After a 2016 that will forever be remembered for Brexit and the election of Donald Trump, most commentators have taken it as a foregone conclusion that 2017 will feature yet more populist electoral victories in Europe, to say nothing of the global fallout from Trump’s planned trade policies. Combined with slow global economic growth and rising geopolitical tensions, it is all too easy to assume that the world is going down the same path of nationalism and protectionism that sparked the first world war and the Great Depression.
But what may be true for the West need not derail the East, where governments have generally stayed a pragmatic course. The difference is more than just politics; it is about systems. While Western democracies are creaking, Asia’s more technocratic governments are committing maximum effort to address the underlying challenges of infrastructure, education and jobs. This is good both for Asia and the world.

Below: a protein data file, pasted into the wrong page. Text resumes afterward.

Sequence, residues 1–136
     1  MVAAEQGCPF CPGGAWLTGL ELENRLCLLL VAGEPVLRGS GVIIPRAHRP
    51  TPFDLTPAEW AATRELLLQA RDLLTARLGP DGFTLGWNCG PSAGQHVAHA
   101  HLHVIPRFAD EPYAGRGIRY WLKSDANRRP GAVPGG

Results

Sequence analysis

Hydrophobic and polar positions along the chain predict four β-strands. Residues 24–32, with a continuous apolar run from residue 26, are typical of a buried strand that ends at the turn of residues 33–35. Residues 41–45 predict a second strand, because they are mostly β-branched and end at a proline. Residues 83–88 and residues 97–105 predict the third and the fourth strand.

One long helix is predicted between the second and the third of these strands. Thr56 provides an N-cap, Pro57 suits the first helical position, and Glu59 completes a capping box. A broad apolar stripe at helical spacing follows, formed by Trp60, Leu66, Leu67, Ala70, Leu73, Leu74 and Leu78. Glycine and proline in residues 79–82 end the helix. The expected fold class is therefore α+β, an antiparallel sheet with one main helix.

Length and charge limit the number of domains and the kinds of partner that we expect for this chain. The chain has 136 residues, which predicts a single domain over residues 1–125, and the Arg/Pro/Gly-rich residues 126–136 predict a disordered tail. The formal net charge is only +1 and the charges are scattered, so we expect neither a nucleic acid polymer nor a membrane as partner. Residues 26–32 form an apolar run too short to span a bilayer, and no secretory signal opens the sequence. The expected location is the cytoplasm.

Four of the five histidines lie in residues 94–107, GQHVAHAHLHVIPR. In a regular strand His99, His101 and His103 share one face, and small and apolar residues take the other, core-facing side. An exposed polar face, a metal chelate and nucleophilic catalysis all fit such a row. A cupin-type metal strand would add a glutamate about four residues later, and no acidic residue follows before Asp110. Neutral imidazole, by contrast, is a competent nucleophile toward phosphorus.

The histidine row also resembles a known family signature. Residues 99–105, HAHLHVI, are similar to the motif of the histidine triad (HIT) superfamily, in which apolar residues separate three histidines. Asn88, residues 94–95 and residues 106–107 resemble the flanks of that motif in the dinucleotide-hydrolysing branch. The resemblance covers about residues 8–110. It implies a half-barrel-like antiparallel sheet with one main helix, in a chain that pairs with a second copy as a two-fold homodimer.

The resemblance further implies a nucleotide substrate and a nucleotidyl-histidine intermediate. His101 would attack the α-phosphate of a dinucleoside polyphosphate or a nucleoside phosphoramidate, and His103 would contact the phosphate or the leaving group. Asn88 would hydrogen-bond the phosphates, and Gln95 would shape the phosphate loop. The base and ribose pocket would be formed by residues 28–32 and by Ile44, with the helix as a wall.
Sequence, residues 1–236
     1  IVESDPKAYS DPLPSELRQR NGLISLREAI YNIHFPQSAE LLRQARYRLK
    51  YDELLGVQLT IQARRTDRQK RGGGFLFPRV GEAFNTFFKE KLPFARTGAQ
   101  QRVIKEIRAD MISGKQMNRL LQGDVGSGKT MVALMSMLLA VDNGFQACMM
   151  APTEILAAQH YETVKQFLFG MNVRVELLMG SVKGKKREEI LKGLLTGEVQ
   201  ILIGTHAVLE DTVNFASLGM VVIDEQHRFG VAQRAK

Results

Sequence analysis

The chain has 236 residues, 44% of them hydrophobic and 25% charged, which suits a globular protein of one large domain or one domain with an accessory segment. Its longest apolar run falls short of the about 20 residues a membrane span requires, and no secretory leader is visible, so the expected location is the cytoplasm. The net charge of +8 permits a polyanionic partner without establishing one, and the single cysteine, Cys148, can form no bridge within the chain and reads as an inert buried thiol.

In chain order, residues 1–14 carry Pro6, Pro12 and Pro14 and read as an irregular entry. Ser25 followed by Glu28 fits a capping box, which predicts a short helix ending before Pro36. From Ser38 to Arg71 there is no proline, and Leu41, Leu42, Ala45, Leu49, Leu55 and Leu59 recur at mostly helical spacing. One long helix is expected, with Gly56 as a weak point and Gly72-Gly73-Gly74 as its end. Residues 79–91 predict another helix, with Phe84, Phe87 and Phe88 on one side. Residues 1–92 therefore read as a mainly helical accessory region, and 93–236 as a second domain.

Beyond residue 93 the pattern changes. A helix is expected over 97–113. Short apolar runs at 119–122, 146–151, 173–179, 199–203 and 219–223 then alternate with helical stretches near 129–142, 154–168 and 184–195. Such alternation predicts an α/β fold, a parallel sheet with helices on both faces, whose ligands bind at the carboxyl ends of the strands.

In the Western and particularly American narrative, a deep complacency has set in that confuses politics with governance, democracy with delivery, process with outcomes. Good governments are equally focused on inputs and outputs. Their legitimacy comes both from the process by which the government is selected and the delivery of what citizens universally proclaim they want: solid infrastructure, public safety, clean air and water, reliable transportation, ease of doing business, good schools, quality housing, dependable childcare, freedom of expression, access to jobs, and so on.